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Two weeks of dancing culminates in Viennese Ball

The annual Viennese Ball is part of a long tradition of social dance at Stanford. First created by students returning from the now-defunct Stanford in Austria program in 1978 who sought to recreate Vienna’s social dance culture, the event has today nearly doubled in size from the 350 tickets sold for the first event.

BRIAN LEAHY/The Stanford Daily

BRIAN LEAHY/The Stanford Daily

According to Viennese Ball Steering Committee co-chair Jen Ying Zhen Ang ’13, Ball attendees can expect food and music this evening when the event is hosted at The Palace Hotel for the first time.

“It’s a registered historical landmark,” said Christina Krawec ’15, chair of the committee that oversees the night of the event. “It’s very swanky, very fancy and very high class.”

Leading up to Viennese Ball, dance lessons and workshops have been held as part of the Austrian Fortnight. At Bon-Bon Ball, the kick-off festivity held two weekends ago, organizers sold 221 tickets. According to Steering Committee chair Nick Enge ’09, they expect more than 600 people to attend.

For attendees who are not masters of the cross-step waltz or swing, lessons were held every night leading up to the event in the Black Community Services Center. Austria Fortnight– the two weeks leading up to the Ball– is filled with lessons in waltz, swing, salsa and tango.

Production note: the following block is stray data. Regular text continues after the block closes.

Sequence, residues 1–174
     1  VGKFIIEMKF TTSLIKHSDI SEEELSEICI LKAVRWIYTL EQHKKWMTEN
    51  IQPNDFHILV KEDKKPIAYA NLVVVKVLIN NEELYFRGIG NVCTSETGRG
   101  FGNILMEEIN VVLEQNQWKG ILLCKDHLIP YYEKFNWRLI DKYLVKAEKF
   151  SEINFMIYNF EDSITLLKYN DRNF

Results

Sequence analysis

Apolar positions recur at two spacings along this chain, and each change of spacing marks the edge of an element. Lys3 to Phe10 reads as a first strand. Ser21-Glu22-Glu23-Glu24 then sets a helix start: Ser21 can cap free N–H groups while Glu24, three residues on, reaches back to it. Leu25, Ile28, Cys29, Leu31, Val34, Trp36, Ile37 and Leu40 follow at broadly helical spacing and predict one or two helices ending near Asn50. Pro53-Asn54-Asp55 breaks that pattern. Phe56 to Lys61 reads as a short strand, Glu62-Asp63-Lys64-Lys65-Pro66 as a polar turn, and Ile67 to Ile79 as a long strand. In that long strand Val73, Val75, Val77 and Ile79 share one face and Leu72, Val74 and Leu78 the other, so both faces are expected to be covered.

“It involves almost two whole weeks of free lessons,” said Mario Cuevas ’13, Austria Fortnight’s co-chair.

In an effort to make all dancers comfortable come Ball night, some dancers wear a gold ribbon and dance with whoever approaches them.

“If you have a gold ribbon on it means that you’re willing to dance with anybody,” Krawec said. “This informality allows for the event to feel more open and allows dancers to get to know each other. I just hope people enjoy themselves.”

Richard Powers, a dance lecturer at Stanford who has advised Austria Fortnight for 20 years, said that the atmosphere of social dance at the Viennese Ball changed markedly after he starting teaching.

“[Before,] most people would stand in place and do prom dancing,” Powers said. “Then after I arrived, suddenly everybody knew how to waltz and travel around the room.”

Formal instruction through classes taught on campus by Powers and many others, as well as the student-taught classes during Austria Fortnight, have assisted in transforming the Viennese Ball into an exhibition of a wide variety of social dances as social dance becomes increasingly popular on campus.

Stanford dance groups such as the Salseros, Stanford Ballroom Dance team and Cardinal Ballet will perform, and the organizers have planned dance contests in Viennese waltz, swing, salsa and cross-step waltz for Ball attendees.

While the Viennese Ball has decades of history, its committees have continued to tweak its execution. Krawec said this year marks a new emphasis on “greening” the event.

Some of the initiatives that organizers have implemented include providing free shuttles to and from the event, selling locally grown flowers for corsages and boutonnieres, using only renewable wares and providing composting at the event.


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